MATCH SPEECH BUBBLES ETC. rfm 4 Print 2-up single-sided on paper. Do cut and stick pairing of cartoon and bubble. 4 sets of 6 per page. Errors can be useful as discussion starters. Extra page of cartoons has empty bubbles to be completed. Could be a useful activity for paired kids with mixed level of reading/writing skills. Also for EAL.

WORKING WITH CUISENAIRE RODS rfm 5 Six pages of activities with the coloured rods using some of the vocabulary and concepts from Yrs 1 and 2 Primary Strategy Numeracy Objectives and other texts. Reasonable reading level required. An attempt to make visible situations where these maths words and phrases are required.

INFERENCE – READING FOR MEANING AND INFERRING PT 1 (READING FOR MEANING PROJECT) rfm 6 A resource under development aimed at children with fair reading skills who do not pick up on all the meaning behind the words. Three stories with suggested activities based on published research as to what helps children focus on implied information.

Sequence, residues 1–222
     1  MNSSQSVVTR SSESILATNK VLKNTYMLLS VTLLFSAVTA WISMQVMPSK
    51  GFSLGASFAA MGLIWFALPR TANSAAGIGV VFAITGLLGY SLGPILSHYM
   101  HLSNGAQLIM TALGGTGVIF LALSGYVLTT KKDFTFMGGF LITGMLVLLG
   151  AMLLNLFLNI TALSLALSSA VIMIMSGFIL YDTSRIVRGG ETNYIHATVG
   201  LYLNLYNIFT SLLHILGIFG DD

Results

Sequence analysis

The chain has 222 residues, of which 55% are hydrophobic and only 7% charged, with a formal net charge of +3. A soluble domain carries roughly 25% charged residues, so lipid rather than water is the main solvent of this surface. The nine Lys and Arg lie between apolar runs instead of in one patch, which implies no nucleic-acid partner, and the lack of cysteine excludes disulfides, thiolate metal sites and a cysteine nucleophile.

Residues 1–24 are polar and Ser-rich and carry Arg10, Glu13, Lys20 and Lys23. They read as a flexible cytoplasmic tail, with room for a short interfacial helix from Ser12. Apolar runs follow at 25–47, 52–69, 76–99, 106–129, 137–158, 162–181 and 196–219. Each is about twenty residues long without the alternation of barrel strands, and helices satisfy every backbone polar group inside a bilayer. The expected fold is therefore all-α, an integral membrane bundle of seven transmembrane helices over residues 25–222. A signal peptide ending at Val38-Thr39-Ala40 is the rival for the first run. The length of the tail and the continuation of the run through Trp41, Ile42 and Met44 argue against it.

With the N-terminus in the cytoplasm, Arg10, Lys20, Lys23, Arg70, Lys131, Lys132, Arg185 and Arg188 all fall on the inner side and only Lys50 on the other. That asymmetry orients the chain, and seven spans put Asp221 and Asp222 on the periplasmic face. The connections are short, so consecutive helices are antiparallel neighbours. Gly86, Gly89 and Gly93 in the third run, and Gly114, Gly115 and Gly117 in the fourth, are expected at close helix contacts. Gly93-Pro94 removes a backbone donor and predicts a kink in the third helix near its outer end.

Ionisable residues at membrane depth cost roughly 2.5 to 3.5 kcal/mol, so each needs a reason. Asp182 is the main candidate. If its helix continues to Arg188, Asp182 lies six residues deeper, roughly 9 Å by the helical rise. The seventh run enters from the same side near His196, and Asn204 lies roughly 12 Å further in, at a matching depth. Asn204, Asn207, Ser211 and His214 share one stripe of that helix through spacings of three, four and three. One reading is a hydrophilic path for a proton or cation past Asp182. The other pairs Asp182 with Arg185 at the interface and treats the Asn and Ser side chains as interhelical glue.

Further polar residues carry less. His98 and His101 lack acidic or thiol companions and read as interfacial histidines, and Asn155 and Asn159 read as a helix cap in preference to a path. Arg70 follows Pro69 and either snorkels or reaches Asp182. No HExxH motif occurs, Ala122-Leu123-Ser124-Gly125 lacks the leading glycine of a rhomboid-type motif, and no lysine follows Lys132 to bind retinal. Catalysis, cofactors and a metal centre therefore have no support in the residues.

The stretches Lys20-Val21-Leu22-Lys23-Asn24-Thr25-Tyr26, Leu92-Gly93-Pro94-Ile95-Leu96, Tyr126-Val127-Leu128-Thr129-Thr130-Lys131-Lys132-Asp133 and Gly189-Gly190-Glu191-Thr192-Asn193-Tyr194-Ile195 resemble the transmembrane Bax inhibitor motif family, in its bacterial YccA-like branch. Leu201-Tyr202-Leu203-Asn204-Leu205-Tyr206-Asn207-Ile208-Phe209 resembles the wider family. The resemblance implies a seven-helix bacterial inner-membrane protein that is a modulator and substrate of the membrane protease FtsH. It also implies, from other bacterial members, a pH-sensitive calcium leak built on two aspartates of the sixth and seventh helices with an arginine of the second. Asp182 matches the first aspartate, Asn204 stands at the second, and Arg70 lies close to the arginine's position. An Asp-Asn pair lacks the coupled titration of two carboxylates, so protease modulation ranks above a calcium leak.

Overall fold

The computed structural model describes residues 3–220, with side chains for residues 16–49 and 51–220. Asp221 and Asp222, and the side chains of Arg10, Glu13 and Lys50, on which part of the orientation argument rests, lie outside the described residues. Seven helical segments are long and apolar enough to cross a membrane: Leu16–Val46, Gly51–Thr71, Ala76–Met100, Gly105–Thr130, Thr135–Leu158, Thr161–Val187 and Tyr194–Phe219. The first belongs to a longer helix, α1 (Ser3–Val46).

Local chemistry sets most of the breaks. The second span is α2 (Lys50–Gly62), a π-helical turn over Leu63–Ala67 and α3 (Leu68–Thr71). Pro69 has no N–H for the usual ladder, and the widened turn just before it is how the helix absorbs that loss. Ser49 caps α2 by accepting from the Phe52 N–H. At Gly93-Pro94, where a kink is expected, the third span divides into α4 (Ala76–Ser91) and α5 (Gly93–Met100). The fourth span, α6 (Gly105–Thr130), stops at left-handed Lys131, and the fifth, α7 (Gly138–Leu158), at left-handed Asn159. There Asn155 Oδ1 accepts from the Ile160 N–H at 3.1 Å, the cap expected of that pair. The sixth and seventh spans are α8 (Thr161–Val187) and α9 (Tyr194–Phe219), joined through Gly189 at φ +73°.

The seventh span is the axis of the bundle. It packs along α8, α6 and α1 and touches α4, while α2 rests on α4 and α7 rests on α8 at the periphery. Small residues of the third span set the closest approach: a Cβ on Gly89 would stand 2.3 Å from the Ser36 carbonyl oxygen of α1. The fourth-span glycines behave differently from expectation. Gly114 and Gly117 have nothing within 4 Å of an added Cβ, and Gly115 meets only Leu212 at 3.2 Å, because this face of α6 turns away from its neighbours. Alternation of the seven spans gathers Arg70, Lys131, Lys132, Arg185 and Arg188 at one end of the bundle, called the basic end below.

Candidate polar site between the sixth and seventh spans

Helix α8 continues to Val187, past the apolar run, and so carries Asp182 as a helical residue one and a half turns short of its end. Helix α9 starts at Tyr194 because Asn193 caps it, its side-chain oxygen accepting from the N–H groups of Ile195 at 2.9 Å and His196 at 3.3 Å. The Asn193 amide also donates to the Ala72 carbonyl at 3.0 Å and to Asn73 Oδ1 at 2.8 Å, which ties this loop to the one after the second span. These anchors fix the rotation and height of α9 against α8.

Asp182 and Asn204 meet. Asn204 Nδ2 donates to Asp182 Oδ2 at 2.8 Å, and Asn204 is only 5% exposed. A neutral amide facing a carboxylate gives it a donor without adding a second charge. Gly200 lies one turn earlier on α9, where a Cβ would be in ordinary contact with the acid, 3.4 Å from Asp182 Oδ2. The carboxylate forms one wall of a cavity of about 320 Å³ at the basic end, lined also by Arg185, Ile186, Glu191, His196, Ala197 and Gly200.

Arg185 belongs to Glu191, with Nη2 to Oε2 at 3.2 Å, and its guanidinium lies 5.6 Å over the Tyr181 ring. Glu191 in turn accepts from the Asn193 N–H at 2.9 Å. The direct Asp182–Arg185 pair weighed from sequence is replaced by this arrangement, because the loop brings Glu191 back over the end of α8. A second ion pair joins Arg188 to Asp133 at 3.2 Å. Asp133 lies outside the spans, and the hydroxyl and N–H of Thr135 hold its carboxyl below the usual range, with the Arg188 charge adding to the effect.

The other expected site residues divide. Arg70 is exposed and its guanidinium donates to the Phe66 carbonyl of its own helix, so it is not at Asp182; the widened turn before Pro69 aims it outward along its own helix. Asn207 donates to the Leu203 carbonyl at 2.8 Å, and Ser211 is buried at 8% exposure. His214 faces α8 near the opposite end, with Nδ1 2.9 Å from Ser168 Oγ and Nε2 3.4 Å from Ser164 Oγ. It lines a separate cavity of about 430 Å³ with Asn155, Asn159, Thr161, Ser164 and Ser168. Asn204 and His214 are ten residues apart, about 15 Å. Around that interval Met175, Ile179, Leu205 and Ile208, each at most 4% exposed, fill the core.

SPACE – READING FOR MEANING rfm 7 Pictures with captions to match. Use to check knowledge and reading for meaning accuracy. Early reading vocabulary and simple sentence construction.

ANCIENT EGYPT – READING FOR MEANING rfm 8 Pictures with captions. Use to check knowledge and reading for meaning accuracy. Early reading vocabulary and simple sentence construction.

READ, MATCH TO PICTURE, SEQUENCE rfm 9 Four events presented in a similar format with 8 pictures to each.

CHRISTMAS – READING FOR MEANING rfm 10 Illustrated with Widgit CIP. Pictures with captions to match. Use to check reading for meaning accuracy. Early reading vocabulary and simple sentence construction. Can also be sequenced to build nativity story.

ANTARCTICA – READING FOR MEANING rfm 11 Pictures with captions to match. Use to check knowledge and reading for meaning accuracy. Content has been simplified as much as possible but many special words are needed for the topic.

VIKINGS – READING FOR MEANING rfm 12 Illustrated with Widgit or PCS symbols. Pictures with captions for fairly easy reading and discussion.

INFERENCE – READING FOR MEANING AND INFERRING  PT 2 rfm 13 Illustrated with Widgit symbols. Three further stories following the same format as before. Text for retelling, straightforward questions and suggestions for inferential questions. Includes mind-map about reading for meaning.

TIME – WHEN SHOULD I START? (SCHEDULING) rfm 14 Worksheets introducing scheduling tasks to be solved by working backwards from the ‘end time’. Problems presented in short narratives.